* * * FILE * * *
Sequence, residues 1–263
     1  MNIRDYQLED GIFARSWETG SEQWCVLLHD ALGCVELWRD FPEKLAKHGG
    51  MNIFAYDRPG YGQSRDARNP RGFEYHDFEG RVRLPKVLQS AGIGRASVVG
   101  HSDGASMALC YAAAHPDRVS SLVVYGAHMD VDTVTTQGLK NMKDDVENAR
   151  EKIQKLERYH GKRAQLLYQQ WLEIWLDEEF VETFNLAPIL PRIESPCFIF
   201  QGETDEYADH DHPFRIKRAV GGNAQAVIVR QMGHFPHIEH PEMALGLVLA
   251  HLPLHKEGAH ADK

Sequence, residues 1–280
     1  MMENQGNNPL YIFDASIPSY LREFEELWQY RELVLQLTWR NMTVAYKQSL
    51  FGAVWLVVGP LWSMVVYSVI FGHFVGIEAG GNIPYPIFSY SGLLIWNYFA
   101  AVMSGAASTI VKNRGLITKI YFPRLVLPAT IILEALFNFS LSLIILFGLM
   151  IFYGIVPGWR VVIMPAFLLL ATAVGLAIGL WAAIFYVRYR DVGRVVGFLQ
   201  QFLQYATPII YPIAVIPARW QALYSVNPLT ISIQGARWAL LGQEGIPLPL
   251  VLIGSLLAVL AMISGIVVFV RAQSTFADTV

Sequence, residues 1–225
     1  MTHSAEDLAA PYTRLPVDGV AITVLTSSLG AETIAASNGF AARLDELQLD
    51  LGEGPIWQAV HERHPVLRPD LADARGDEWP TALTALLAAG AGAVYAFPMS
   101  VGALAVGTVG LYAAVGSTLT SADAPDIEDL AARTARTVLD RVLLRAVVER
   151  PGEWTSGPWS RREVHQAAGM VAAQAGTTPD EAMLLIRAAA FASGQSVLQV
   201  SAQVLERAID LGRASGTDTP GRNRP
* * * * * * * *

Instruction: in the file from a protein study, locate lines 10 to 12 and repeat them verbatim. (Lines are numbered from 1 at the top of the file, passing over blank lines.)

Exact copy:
    51  FGAVWLVVGP LWSMVVYSVI FGHFVGIEAG GNIPYPIFSY SGLLIWNYFA
   101  AVMSGAASTI VKNRGLITKI YFPRLVLPAT IILEALFNFS LSLIILFGLM
   151  IFYGIVPGWR VVIMPAFLLL ATAVGLAIGL WAAIFYVRYR DVGRVVGFLQ